Saturday, January 16, 2010

Supporting Actress Blogathon: Diane Kruger as Bridget von Hammersmark in Inglourious Basterds

My second entry to StinkyLulu's 2009 Supporting Actress Blogathon is a performance that grabbed my attention from the moment it first appeared on screen.

Diane Kruger (who pleasantly surprised me here) plays Bridget von Hammersmark, a German actress and Allied double agent tasked with being the film's eponymous Basterds German liaison and helping them with
Operation Kino, a plan to end WWII in one fell swoop. She's stylish (even her leg cast is high-heeled), beautiful, glamorous and (key ingredient) snarky. In other words, she's a diva.

The problem with divas is that playing one cannot really be taught. You can make them snappy with the script and glamorous with the wardrobe and art direction. However, the true diva has something else; something intangible, a certain je ne sais quoi. A diva has to be larger-than-life; human, yet unattainable.

Which is exactly what Kruger brings to the role. Yes, her wardrobe is gorgeous, but it would not look half as good if she did not carry herself the way she does. Her poise in everything from the way she smokes her cigarettes to the way she charms an entire room full of Nazi soldiers is astounding. But a delicate flower she's not. When (after a particularly messy gunfight) she's shot in the leg and and forced to cope with a redesigned strategy for Operation Kino, she doesn't hide her frustration. Rather, she directs her anger and wit at the dumb Basterds she's forced to rely on. It's during this scene that Kruger truly won me over. The gusto with which she delivers her lines is what finally tipped her into film diva territory, at least for me.

All of this would be fine and good for a truly decent supporting actress performance, but a remarkable one? That would require a little plus, and Kruger, once again, delivers. As her schemes begin to unravel, she's forced to deal with Cristoph Waltz's Col. Hans Landa (my favorite male supporting actor performance of the year). As she begins to realize, with ever-growing panic, that he's figured it all out, her perfect mask of poise and charm falters once more. Except, whereas before we saw a fierce attitude that wouldn't back down, now we see fear. She shows terror in her eyes, in the quiver of her lips, in her gasping breath. And then, she pulls herself together and manages a halfhearted smile before calmly, defiantly asking her executioner "What now, Colonel?"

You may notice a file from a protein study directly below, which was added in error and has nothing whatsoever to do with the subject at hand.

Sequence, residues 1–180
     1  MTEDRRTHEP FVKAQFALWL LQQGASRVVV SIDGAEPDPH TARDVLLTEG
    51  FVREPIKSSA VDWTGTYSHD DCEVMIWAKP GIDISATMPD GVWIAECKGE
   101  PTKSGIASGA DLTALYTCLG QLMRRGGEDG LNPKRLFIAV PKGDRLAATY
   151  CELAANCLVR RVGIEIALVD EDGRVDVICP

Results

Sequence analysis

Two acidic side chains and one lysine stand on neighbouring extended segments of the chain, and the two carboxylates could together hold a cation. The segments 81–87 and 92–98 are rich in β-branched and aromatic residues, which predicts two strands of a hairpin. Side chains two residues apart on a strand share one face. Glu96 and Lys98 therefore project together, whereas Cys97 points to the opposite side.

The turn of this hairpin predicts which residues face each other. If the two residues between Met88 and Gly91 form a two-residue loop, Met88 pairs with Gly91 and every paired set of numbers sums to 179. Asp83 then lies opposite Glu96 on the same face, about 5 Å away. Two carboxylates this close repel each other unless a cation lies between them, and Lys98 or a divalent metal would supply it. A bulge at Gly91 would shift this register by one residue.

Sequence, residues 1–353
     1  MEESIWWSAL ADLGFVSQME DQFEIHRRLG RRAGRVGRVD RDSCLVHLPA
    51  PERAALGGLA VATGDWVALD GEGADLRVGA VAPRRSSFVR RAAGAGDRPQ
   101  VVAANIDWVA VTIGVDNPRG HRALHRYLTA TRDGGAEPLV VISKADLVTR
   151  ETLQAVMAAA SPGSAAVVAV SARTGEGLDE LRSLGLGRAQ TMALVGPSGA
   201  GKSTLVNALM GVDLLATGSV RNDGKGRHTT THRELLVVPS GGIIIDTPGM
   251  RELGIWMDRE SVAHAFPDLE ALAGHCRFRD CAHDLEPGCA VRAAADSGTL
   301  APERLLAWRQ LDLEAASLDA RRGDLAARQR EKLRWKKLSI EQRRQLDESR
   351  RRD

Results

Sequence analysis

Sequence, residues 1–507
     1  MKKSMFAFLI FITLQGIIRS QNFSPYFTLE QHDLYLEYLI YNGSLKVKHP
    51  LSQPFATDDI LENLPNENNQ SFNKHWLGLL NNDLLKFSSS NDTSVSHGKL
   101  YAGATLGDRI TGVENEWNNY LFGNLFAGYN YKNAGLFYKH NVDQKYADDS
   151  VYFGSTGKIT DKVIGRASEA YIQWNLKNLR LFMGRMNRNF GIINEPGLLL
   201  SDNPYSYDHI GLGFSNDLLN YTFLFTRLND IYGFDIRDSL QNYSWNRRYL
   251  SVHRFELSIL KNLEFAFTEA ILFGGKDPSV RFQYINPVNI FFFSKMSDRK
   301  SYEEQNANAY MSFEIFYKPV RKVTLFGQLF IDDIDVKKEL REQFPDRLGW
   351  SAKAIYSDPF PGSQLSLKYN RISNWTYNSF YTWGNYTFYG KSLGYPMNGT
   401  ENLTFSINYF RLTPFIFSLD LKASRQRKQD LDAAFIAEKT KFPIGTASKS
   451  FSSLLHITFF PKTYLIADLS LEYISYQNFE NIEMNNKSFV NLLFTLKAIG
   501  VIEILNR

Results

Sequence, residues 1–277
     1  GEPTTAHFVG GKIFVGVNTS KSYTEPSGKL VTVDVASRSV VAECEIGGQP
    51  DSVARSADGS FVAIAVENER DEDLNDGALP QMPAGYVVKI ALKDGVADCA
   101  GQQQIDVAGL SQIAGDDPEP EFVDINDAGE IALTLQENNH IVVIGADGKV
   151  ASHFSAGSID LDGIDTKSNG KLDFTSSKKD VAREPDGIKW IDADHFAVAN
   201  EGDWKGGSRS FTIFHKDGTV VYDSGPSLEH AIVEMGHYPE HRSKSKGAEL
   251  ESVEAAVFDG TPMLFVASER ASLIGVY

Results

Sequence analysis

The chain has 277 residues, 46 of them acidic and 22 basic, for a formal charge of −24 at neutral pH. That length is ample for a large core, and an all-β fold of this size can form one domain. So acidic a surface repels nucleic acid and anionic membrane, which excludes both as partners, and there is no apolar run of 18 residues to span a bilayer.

For all of these reasons, it is my pleasure to nominate Diane Kruger as one of 2009's best supporting actresses.

Au revoir,
M. Cinema

Supporting Actress Blogathon 2009: Marion Cotillard as Billie Frechette in Public Enemies

This is the first time I ever participate in StinkyLulu's Supporting Actress Blogathon. Actually, it's the first blogathon I ever participate in. With that in mind, I wanted this first contribution to be something I could be proud of. So, I racked my brain and thought of a supporting performance that had grabbed my attention. Sure enough, plenty sprung to mind; but I wanted to avoid the obvious choices (Mo'nique), at least for my first post. And so, I chose a performance that was one of the few things I enjoyed in Michael Mann's Public Enemies.

Academy-Award-winner Marion Cotillard (La Vie en Rose)could have rested on her laurels in this movie. Plenty of her costars were doing just that. Instead, Cotillard delivers a remarkable turn as a supporting actress in a movie that was otherwise just not that interesting. Let's break it down.

Cotillard plays Billie Mary Evelyn "Billie" Frechette, a coat-check girl that meets notorious bank robber John Dillinger and becomes his lover. Her reasons? She was bored with her life and felt like she needed to be protected. Now, these simplistic reasons coupled with a stale script could have spelled disaster for most actresses, but Cotillard handles it expertly.

The way Cotillard avoids the double-whammy threat mentioned above is by sticking to what I think great "actressing at the edges" is all about: the details. Cotillard doesn't rely on a fantastic script or an engrossing story. She just gives the role little idiosyncratic touches that make it her own. And while maybe she does have an advantage over other potential contenders because she has an "Oscar scene" (the interrogation), that's not what kept me interested. Rather, it was scenes like her first date with Dillinger and the way her eyes twinkled with interest as he told her about his exploits that made me fall in love with her. Her interrogation scene wouldn't have been half as effective if we didn't care about her character, and we would've had no reason to do so if it wasn't for her wonderful performance. For all of this, I nominate Marion Cotillard as one of 2009's best supporting actresses.

Au revoir,
M. Cinema

P.S. For more fantastic "actressing at the edges", head over to StinkyLulu.